Maria: "I really wonder what the house looks like especially to evaluate the accommodations for my dreamed of visit."
Me: Pictures forthcoming! We definitely have a decent guest room (a.k.a.: Janae's room) for anyone who's interested in making the trip across the pond! We'd be thrilled to have the company! So start making your plans.
Maria: "Also what I didn't get much info on from the blog is how my friend is really doing. How's the transition?"
Me: The transition is mostly working itself out. That's just it about transition, isn't it? It takes a little time. A.J. is in school and attending early morning seminary. So, he's pretty settled by now. But the girls aren't quite in school yet, have a meeting with a head teacher this morning actually. So keep your fingers crossed. I think it may be until late October or November before we're really feeling in any sort of groove here.
Maria: "Is Jason traveling a lot?"
Me: Yes. In fact, he just returned from a 12 day trip to the U.S. This isn't typical, I think he'll only have to do that twice a year, but it sure was a bit of a long trip for all of us. In general, his travel is similar to how it was in the U.S. But now instead of going to Denver, St. Louis, Kansas City, or Salt Lake City, he's off to Amsterdam, Prague, Paris, Vienna, places like that. I think he's really enjoying all the new experiences.
Maria: "What's the worst stress, biggest adjustment, loneliest time, and biggest worry?"
Me: Ok, a bit of a loaded question(s), but setting up house was a big stress for a while. Now it's finding school's. The biggest adjustment has to be grocery shopping and making food. It's so frustrating to make a shopping list and have such a difficult time finding the items on it! Grocery stores are so different here. They just value different types of items. For example, there are like two aisles of potato chips, aisle and aisles of bacon and other meat, oh and so much cheese and baked goods. But you won't find many cereals to choose from, and don't even get me started on missing the fixings for anything Mexican (such a pity). And then there's the problem of items having different locations or different names altogether. Example, sugar? Not with baking items, it's in the coffee and tea aisle. Now that makes sense once someone points it out to you, but who would have thought it? No Karo or Corn Syrup, but they have "golden syrup" or "Treacle" (that's dark corn syrup)? And you will NOT find maple syrup! I could go on and on. I'll make a food post maybe in the next couple of months to share more. I think it's fascinating. Frustrating!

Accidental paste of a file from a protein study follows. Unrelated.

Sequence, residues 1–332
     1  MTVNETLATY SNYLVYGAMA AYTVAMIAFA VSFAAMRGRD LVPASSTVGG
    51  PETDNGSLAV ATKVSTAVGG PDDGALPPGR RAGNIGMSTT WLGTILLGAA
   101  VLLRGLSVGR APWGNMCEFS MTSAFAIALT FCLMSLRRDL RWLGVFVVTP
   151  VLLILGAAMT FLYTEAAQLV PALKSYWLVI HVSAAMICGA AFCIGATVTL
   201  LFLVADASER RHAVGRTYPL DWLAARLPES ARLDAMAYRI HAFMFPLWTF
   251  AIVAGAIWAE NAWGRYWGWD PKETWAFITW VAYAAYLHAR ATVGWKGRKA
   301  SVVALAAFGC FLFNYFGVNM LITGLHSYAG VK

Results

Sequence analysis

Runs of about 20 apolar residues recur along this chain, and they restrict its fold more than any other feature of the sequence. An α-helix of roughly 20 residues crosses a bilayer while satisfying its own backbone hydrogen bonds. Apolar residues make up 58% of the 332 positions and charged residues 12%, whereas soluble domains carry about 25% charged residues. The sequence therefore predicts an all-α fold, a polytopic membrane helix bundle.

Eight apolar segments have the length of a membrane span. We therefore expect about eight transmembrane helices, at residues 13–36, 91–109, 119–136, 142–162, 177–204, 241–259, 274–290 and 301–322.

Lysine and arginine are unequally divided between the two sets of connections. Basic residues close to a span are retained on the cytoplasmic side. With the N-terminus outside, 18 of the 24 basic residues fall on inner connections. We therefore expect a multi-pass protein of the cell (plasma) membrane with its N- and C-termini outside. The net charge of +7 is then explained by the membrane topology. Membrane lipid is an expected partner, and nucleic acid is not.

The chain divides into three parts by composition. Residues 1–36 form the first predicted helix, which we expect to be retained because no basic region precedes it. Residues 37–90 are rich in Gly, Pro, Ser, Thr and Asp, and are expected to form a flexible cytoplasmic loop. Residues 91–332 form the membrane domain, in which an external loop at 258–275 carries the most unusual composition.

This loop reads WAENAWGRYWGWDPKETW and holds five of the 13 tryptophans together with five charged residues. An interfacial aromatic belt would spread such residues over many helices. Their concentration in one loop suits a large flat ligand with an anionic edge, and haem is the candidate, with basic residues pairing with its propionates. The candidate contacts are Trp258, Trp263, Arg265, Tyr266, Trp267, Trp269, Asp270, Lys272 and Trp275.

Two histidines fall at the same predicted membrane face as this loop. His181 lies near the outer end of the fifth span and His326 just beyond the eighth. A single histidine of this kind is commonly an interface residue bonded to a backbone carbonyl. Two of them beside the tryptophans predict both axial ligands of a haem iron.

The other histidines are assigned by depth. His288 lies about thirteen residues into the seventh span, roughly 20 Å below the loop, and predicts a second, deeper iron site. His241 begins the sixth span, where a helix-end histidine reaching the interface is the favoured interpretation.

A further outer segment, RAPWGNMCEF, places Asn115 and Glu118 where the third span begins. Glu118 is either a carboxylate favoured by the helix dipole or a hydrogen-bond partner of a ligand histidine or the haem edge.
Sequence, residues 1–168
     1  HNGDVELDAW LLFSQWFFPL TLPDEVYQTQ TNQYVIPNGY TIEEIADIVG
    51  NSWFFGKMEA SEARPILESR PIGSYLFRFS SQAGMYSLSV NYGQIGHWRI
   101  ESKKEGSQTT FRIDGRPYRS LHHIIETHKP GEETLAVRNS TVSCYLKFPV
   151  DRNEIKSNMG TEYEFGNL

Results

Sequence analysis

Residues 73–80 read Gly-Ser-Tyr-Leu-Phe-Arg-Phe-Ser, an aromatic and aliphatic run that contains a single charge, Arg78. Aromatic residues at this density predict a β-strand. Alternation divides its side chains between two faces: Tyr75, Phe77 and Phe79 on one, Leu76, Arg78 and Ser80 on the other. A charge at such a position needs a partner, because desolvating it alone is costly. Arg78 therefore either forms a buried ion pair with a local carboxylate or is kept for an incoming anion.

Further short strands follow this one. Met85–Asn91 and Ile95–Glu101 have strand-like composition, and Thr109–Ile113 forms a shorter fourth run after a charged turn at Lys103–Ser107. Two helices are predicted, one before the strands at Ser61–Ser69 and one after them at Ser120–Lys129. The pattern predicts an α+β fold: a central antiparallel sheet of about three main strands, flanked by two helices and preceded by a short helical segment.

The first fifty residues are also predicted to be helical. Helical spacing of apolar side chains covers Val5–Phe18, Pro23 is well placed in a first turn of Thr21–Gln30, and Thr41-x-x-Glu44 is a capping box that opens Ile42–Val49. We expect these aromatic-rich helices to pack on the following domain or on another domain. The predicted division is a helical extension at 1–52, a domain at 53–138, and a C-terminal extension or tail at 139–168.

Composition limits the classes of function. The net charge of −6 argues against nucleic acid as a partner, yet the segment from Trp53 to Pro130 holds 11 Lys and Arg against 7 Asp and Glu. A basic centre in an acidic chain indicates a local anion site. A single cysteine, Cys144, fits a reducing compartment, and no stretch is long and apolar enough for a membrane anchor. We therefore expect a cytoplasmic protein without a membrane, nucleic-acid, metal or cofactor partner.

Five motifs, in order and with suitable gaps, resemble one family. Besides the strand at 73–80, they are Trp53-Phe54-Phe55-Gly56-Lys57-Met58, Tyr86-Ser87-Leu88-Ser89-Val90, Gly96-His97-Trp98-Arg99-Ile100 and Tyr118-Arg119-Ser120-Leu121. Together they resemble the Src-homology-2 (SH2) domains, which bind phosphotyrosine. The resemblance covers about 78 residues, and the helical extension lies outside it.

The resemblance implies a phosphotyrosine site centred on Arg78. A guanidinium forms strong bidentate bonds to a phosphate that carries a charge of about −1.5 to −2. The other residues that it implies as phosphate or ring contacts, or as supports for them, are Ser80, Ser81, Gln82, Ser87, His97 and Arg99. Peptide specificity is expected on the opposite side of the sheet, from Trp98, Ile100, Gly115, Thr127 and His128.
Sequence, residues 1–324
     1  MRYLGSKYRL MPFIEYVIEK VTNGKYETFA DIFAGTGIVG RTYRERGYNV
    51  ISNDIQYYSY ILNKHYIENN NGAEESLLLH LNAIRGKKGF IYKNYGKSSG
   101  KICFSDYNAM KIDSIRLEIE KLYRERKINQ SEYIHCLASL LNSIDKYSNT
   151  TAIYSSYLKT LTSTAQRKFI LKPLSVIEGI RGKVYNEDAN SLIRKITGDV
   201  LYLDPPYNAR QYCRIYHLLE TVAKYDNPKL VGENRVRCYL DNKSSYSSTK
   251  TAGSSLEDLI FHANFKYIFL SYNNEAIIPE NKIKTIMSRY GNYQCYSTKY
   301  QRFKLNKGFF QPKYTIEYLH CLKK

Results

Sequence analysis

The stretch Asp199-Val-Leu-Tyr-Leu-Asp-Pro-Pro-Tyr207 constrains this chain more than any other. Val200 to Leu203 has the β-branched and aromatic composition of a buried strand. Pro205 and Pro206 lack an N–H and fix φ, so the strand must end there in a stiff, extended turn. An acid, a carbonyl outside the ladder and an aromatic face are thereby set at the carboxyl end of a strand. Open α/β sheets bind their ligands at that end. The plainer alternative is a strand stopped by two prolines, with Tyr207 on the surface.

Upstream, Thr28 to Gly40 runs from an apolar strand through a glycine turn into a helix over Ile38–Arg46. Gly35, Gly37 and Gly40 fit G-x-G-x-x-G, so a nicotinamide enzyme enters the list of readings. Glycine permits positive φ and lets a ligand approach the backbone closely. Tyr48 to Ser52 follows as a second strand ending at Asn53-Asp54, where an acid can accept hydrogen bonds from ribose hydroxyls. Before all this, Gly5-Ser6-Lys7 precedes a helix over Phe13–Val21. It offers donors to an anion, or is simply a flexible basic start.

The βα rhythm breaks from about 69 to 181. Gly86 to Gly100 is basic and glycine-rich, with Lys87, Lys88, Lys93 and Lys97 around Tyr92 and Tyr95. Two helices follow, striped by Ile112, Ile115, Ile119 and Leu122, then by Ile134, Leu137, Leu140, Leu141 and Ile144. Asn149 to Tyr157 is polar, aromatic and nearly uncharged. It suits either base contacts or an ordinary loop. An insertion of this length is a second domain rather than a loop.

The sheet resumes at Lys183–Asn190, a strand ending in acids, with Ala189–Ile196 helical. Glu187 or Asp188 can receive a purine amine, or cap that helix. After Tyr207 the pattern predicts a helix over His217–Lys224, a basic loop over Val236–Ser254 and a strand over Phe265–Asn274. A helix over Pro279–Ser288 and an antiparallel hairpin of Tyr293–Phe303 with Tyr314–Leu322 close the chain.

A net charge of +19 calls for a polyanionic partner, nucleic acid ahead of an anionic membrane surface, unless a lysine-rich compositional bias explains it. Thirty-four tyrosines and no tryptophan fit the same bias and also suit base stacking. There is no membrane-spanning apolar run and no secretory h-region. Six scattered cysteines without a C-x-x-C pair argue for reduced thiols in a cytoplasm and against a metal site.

Loneliest time? I'm not sure? I used to tell Jason I feel most homesick when I have to go grocery shopping. It was just so difficult. Imagine grocery shopping with zero name brand recognition. Like I'm stuck there just reading every label to figure out what everything is and to determine what it is I'm trying to find. Note: thank goodness it's in English. I can't imagine doing this in a different country! I am anxious to make a friend too. So hopefully once these kids get in school and I get to begin to conjure up a resemblance of a normal life, maybe I'll get out there and make some friends. Lucky for me though, I haven't been too down, the weather has been nice. The sun is still shining. I'm so nervous about the upcoming months! This is my biggest worry!
Maria: "And what about your new church?! Is it a warm haven?"
Me: Well that's a good question. Church here is so different and wonderfully the same. That's the beauty of a worldwide organization. The demographics of the ward are very, very different. It is culturally very diverse with much African and Caribbean influences. Economically? I'm not sure how diverse it is, it's just totally different than the affluence that we all are surrounded by in the Lovejoy area. The size of the congregation is much, much, smaller too. So our church back home had a HUGE youth group of who knows how many kids? 80? Here there maybe 15 on a good day. Also the commitment to the gospel here in general doesn't seem as strong. I am not suggesting that their faith isn't strong, but the work side of church is I think affected by the diversity I just mentioned. It's hard to make every meeting a priority if paying for transportation is difficult, right? Maslow's Hierarchy!
In the same breath, it is exactly how you say, it IS a warm haven! People are happy and excited to welcome us into the ward here. And when we attend church we partake of the sacrament and renew our commitment to follow Christ in the exact same, perfect way we do it back home. Our Sunday School lesson is the exact same. The spirit touches our hearts as we learn of Christ, in the exact same way. For all these reasons, we LOVE church here and anywhere we visit.
Maria: "Give every Tucker you see a big hug, an extra sweet one for you and a huge smooch for Jaxon."
Me: Well that's not a question, but I'd love to return her sentiments to all y'all! We love you and miss you. Wish we could give each of you big hugs right now.
Do plan your trips soon! Send me an email, and I'll let you know what our calendar's are like. But really, we're pretty open for y'all! firstname.lastname@example.org
I hope this may have answered some of your questions too! Thanks Maria for the jumpstart!